Archive for the ‘Soybeans’ Category
Posted by romeethredge on November 1, 2013
Posted by romeethredge on October 25, 2013
Hey, if the cows are going to soon be hungry, you can get a jumpstart on fall grazing by flying on a small grain while the summer crop is in the field, Jack.
It’s hard to get a stand as good as you would get by waiting and drilling or disking in the seed, but every situation is different. Here are some photos of where we did this in soybeans, The grower waited until most of the leaves were off the soybeans so the airplane could get good coverage of the area and so there wouldn’t be so many leaves covering the seedlings. This grower used 2 bushels of wheat per acre. They were flown on by an aerial applicator and the grower started up the irrigation and very lightly watered the field and did it again in three days. It looks like we have good germination, and after the soybeans are harvested he should be able to put his cattle in to graze in a short period of time. It won’t be perfect but they will have some grazing earlier than they would have and the cow won’t jump over the moon but the airplane came close.
Posted by romeethredge on October 25, 2013
Soybeans are dropping their leaves and harvest time is approaching for the full season crop. Grower sprayed them twice with fungicide and once for caterpillars and once for stinkbugs and kudzubugs, so they have been cared for and I believe they will yield well.
Preharvest soybean losses can be minimized by planting shatter-resistant varieties and early harvest.
Soybeans should be harvested shortly after their moisture content first reaches 14-16 percent if possible or the buyer may require them to be 13% if you aren’t going to dry them.
The cylinder and fan speed must be adjusted to fit threshing conditions. When the moisture
content of the soybeans is above 13 percent, they are usually tough; so the cylinder speed may
have to be increased to 600 rpm. As soybeans dry, lower the cylinder speed to reduce breakage;
450 to 550 rpm should be high enough for soybeans that are below 13 percent in moisture
Posted by romeethredge on October 4, 2013
I was looking at some Ultra-Late soybeans today that are looking good overall. They have a few loopers but I’m concerned about the level of whiteflies that are present. You can tell you have whiteflies by the way they will fly up when you disturb the plants. I didn’t see much sticky honeydew or sooty mold or I would be more concerned. Dr. Phillip Roberts, UGA Entomologist, said we should watch them and if they are serious and we need a stinkbug or kudzubug spray anyway, then there are some chemistries that will suppress them. Call or email me for more information on that. firstname.lastname@example.org He says to keep the beans from any stress, especially moisture stress and only treat other pests when thresholds are exceeded so as to preserve beneficial insects. Their development should slow down as we have cooler fall temperatures. The white insects are the adults and the yellow lemon shapes are the immatures.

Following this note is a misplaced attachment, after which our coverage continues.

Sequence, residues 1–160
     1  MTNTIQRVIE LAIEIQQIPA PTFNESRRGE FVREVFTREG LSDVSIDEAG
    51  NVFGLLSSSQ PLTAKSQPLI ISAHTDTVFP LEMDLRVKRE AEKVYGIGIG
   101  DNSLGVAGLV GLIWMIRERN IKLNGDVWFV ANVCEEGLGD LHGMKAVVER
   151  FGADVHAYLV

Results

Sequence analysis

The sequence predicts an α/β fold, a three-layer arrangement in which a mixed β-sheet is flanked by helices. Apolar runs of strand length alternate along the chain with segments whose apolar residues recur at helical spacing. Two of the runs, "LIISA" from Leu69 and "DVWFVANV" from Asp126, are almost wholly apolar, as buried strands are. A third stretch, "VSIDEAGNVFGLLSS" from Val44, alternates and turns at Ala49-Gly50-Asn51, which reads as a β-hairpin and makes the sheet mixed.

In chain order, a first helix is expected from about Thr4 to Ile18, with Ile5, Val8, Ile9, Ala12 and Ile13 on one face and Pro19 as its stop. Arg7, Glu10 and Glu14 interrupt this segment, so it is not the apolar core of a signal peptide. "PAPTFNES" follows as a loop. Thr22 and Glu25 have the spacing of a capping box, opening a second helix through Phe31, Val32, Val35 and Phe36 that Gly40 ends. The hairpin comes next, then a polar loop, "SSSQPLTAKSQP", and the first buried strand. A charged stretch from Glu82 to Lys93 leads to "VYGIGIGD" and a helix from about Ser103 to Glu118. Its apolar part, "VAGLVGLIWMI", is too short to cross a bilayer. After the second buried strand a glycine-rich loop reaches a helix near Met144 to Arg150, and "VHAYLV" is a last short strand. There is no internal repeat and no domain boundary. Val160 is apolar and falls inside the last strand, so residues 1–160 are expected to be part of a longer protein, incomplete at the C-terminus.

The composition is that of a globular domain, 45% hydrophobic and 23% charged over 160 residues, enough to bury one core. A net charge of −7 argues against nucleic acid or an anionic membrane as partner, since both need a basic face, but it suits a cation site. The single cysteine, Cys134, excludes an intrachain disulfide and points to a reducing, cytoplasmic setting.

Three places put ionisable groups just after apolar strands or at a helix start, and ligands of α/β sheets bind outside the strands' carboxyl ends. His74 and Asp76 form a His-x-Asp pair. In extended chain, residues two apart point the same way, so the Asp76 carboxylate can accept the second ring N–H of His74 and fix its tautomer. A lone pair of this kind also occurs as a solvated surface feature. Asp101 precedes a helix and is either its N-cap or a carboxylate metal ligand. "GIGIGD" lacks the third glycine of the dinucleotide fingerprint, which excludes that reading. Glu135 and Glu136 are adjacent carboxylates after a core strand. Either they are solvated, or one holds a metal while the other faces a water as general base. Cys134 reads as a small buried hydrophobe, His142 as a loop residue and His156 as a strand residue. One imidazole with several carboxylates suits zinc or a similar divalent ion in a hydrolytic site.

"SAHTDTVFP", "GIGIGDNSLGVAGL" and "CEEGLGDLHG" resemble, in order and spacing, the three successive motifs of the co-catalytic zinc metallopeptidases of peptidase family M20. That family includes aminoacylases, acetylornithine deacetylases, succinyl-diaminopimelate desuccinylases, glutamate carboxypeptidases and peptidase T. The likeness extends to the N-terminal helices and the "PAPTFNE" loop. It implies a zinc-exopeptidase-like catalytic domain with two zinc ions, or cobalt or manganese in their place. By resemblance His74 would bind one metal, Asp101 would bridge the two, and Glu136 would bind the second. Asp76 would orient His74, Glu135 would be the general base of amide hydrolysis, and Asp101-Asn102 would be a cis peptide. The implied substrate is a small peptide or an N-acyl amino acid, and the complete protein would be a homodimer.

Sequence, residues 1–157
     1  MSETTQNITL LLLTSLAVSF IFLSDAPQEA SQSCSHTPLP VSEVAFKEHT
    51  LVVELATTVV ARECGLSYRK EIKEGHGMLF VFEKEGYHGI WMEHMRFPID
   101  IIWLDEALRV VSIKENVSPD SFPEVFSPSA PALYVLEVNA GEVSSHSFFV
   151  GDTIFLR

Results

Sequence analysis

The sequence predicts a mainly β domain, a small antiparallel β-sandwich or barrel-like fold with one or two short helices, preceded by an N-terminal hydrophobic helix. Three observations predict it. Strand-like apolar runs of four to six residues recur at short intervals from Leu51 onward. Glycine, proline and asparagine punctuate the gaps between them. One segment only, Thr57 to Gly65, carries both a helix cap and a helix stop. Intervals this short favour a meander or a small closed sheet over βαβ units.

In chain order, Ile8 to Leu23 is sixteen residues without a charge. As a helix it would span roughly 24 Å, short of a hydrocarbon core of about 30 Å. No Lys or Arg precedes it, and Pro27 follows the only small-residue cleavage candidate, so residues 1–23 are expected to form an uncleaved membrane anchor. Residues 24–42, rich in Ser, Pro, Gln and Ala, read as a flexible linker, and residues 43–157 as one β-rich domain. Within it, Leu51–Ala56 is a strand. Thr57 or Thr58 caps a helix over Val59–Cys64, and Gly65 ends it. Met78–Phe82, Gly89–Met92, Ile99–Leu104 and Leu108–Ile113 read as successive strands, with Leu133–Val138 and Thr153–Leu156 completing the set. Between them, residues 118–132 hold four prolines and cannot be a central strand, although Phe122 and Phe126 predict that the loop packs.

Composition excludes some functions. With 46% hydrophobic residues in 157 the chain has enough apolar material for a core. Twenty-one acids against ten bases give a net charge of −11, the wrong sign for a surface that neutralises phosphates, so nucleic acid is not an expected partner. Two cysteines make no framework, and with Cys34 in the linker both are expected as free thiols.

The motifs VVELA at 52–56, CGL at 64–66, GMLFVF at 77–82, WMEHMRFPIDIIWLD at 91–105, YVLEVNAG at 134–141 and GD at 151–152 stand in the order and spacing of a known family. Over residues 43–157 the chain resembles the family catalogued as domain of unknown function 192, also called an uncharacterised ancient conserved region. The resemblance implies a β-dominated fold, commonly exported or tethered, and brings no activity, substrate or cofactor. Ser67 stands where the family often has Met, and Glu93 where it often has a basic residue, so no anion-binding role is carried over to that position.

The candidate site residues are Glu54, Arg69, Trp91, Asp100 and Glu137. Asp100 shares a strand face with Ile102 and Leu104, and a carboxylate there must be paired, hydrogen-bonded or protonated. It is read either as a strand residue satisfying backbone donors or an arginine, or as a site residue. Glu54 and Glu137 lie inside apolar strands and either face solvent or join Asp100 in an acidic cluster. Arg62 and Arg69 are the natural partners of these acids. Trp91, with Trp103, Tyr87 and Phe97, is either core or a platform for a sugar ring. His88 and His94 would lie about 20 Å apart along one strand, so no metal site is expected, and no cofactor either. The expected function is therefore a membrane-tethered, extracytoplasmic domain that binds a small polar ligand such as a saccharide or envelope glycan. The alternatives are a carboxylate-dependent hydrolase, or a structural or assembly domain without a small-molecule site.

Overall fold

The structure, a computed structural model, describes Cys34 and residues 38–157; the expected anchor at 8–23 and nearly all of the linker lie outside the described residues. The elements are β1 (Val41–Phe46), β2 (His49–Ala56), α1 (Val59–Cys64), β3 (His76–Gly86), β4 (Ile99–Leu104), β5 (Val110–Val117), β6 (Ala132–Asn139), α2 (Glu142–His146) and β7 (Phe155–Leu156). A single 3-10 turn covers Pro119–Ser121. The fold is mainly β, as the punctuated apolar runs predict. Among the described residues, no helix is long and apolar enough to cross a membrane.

Posted by romeethredge on August 30, 2013
Loopers and other foliage feeders have been a pest in some fields. Also, kudzu bugs have been a problem and some older fields may have to have a second spray for them.
What bothers me is the increase in stinkbugs in some fields. This field I was in this week had some stink bug egg masses. The dark ones are about to hatch and the creamy ones need a few more days. The grower will have to watch this field closely next week to determine if a stink bug spray is needed.
Posted by romeethredge on August 16, 2013
We have a few full season soybeans that are setting a good crop. Most have been sprayed for kudzu bugs and loopers and diseases.
Ultra late soybeans planted after corn harvest look ok. They are later than usual but we still hope for a good harvest if we have a warm fall. Some foliage feeding caterpillars have been seen on them.
Posted by romeethredge on July 19, 2013
Soybean pests are getting our attention on some of our beans that are blooming now and otherwise looking real good. Soybean looper numbers are increasing a bit and we are seeing 15% foliage damage(action level) in some fields.
Kudzu bugs are a very interesting new pest. Two weeks ago the adults were abundant in fields but we have waited to see the next generation before spraying as recommended. And sure enough we are beginning to see a good many juveniles in some fields. It’s not good that we are having to treat them this early according to Dr. Phillip Roberts, UGA Extension Entomologist, but we need to protect the crop and in some cases we can let the plane fly once to get 2 pests.